9:  public class City {  
11:    @Id  
12:    @Column(name = "id")  
13:    @GeneratedValue(strategy = GenerationType.IDENTITY)  
14:    private Integer id;  
16:    @Column(name = "name")  
17:    private String name;  
19:    @Column(name = "population")  
20:    private Long population;  
22:    public Integer getId() {  
23:      return id;  
24:    }  
26:    public void setId(Integer id) {  
27: = id;  
28:    }  
30:    public String getName() {  
31:      return name;  
32:    }  
34:    public void setName(String name) {  
35: = name;  
36:    }  
38:    public Long getPopulation() {  
39:      return population;  
40:    }  
42:    public void setPopulation(Long population) {  
43:      this.population = population;  
44:    }  
46:    @Override  
47:    public String toString() {  
48:      return "City{" +  
49:          "id=" + id +  
50:          ", name='" + name + '\'' +  
51:          ", population=" + population +  
52:          '}';  
53:    }  
54:  }  

The above City class contains three attributes id, name, and population. Also, note that at line no. 2, we have used the cache annotation with concurrency strategy READ_WRITE. 

Next, create a new package repository and create a CityRepository interface which will extend JpaRepository.

 package com.devtalkers.hibernate2levelcache.repository;  
 import com.devtalkers.hibernate2levelcache.entity.City;  
 import org.springframework.stereotype.Repository;  
 public interface CityRepository extends JpaRepository<City, Integer> {  

Now, we will create the class CityService, which will act as a service layer inside the package service. Here we will Autowired the CityRepository and add two methods getCityById and saveCity.

 package com.devtalkers.hibernate2levelcache.service;  
 import com.devtalkers.hibernate2levelcache.entity.City;  
 import com.devtalkers.hibernate2levelcache.repository.CityRepository;  
 import org.springframework.beans.factory.annotation.Autowired;  
 import org.springframework.stereotype.Service;  
 public class CityService {  
   private CityRepository cityRepository;  
   public City getCityById(Integer id){  
     return cityRepository.findById(id).get();  
   public City saveCity(City city){  

getCityById method simply returns the city by city ID. saveCity method is used to save the city in the database. To call these methods, we will create a Rest Controller named CityController in which we will create below two rest endpoints:

GET: http://localhost:8080/cities/1 - Fetch the city by ID
POST: http://localhost:8080/cities - Save the city

Below is our Rest Controller class CityController:
1:  package;  
3:  import com.devtalkers.hibernate2levelcache.entity.City;  
4:  import com.devtalkers.hibernate2levelcache.service.CityService;  
5:  import org.springframework.beans.factory.annotation.Autowired;  
6:  import org.springframework.http.HttpStatus;  
7:  import org.springframework.http.ResponseEntity;  
8:  import org.springframework.web.bind.annotation.*;  
10:  @RestController  
11:  public class CityController {  
13:    @Autowired  
14:    private CityService cityService;  
16:    @PostMapping("/cities")  
17:    public ResponseEntity<City> saveCity(@RequestBody City city){  
18:      return new ResponseEntity<>(cityService.saveCity(city), HttpStatus.CREATED);  
19:    }  
21:    @GetMapping("/cities/{id}")  
22:    public ResponseEntity<City> getCityById(@PathVariable(name = "id") Integer id){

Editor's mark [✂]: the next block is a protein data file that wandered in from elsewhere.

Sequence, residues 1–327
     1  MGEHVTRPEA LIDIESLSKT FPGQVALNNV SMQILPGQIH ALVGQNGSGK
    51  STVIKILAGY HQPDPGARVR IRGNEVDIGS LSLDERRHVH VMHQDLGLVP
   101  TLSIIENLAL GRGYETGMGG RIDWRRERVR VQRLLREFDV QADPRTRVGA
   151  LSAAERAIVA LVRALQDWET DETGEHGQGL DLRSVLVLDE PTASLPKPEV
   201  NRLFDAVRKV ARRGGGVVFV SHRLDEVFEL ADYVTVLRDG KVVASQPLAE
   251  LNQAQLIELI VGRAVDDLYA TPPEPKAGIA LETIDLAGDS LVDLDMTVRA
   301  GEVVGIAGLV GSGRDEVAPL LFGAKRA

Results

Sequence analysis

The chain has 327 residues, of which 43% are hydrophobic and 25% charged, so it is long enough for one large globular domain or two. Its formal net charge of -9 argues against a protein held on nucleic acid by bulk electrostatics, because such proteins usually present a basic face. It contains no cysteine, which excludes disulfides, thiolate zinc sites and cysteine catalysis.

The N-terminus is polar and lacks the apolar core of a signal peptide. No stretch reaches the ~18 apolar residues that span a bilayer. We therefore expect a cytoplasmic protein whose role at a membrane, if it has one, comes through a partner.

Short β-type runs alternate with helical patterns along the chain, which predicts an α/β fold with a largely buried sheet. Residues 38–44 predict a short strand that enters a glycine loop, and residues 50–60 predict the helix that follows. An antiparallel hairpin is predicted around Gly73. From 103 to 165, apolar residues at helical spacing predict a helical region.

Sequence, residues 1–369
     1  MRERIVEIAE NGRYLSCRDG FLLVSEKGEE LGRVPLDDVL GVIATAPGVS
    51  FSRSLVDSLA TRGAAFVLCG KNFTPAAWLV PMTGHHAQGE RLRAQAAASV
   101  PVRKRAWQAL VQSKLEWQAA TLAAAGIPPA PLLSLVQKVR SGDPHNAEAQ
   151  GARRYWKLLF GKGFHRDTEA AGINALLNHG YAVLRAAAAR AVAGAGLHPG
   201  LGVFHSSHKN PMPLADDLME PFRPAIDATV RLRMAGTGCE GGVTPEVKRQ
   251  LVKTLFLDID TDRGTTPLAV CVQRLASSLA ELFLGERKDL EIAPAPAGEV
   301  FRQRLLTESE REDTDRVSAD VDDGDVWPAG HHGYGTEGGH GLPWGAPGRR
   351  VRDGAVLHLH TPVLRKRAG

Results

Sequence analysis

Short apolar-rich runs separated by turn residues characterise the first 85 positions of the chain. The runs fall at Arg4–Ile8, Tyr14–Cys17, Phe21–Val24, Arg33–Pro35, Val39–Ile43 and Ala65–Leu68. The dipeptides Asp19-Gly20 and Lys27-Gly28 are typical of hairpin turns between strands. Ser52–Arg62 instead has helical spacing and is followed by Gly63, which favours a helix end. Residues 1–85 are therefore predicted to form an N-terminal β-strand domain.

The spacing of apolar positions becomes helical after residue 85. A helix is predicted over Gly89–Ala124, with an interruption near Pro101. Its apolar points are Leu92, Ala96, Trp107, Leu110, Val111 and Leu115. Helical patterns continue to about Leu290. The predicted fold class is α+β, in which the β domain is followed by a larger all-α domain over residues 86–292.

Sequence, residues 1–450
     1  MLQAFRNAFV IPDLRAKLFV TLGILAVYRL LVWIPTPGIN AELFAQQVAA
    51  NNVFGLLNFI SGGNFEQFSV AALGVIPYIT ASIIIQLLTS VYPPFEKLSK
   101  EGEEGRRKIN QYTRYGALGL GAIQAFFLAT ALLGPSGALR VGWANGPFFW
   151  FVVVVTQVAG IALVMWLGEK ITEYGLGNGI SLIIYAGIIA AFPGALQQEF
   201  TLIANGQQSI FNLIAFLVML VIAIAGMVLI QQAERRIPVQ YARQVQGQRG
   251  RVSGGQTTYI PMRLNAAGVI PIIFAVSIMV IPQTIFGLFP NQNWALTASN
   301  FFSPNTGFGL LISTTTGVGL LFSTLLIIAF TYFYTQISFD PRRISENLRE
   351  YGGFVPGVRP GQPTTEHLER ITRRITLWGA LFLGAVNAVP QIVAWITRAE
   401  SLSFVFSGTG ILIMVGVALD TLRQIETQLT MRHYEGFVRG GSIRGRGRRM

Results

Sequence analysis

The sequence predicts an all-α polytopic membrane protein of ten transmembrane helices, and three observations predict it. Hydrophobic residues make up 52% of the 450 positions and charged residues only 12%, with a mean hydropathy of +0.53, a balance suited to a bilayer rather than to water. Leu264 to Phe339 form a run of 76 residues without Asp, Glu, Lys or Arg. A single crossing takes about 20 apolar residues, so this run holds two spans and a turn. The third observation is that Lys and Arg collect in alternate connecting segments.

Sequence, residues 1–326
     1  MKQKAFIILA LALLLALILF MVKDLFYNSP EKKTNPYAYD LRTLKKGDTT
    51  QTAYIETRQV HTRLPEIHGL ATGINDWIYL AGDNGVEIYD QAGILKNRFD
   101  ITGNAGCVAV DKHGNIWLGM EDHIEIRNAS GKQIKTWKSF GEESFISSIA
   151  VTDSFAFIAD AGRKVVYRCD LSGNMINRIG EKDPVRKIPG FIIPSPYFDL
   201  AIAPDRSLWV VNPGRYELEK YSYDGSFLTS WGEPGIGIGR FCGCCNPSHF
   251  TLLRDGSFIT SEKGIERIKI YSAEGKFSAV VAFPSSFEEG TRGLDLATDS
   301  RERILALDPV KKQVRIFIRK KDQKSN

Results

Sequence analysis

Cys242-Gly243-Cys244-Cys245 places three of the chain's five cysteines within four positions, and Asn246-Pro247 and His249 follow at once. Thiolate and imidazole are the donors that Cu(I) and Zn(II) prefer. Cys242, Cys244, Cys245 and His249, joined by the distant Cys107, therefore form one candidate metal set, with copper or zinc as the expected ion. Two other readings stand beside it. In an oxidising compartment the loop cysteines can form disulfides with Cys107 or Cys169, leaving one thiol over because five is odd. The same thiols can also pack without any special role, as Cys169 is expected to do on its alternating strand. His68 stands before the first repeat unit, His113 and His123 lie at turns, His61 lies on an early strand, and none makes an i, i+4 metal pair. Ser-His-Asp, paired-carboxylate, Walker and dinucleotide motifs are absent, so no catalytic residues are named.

23:      return new ResponseEntity<>(cityService.getCityById(id), HttpStatus.OK);  
24:    }  
25:  }  

The saveCity and getCityById method at lines 17 and 22 in the above CityController class simply delegate the calls to service class called CityService.
Now the coding part is finished, let's verify that the Hibernate Second-Level caching is working or not. First, start the Spring Boot app and call the below API to save the city. We will use the Postman to run our APIs.

POST: http://localhost:8080/cities
    "name": "Pune",
    "population": 89845

As you can see from the above screenshot, a city has been created with an ID of 1.

Now, call the GET API and retrieve the city by ID of 1. The first call to get the city by ID 1 will be fetched from the database and then it will be saved in the cache.

GET: http://localhost:8080/cities/1

Since we have enabled the Hibernate SQL logs in the file, we can observe that the data is fetched from the database for the first attempt to fetch the city details by ID.
 2020-04-02 16:23:07.839 DEBUG 22972 --- [nio-8080-exec-3] org.hibernate.SQL            : select as id1_0_0_, as name2_0_0_, city0_.population as populati3_0_0_ from city city0_ where  
 2020-04-02 16:23:07.841 TRACE 22972 --- [nio-8080-exec-3] o.h.type.descriptor.sql.BasicBinder   : binding parameter [1] as [INTEGER] - [1]  

Now, if you try to hit the City GET API again, you will observe from the logs that there is no database query being executed, which means the data is fetched from the cache.


In this post, we have learned what is Second-Level cache, different cache concurrency strategy and, how to implement Second-Level cache using Spring Boot, JPA, and EhCache.


  1. well explained article, Thanks a lot. I have gone through many article but couldn't find worthy. You have explained things neatly. Thank you. Could you pls write an article explaining query caching.

  2. I am facing the below issue could you please help
    Caused by: java.lang.IllegalArgumentException: No enum constant javax.persistence.SharedCacheMode.ENABLE_SELECTIVE

  3. i am facing below issue ,please help me on this issue
    Caused by: java.lang.IllegalArgumentException: No enum constant javax.persistence.SharedCacheMode.ENABLE_SELECTIVE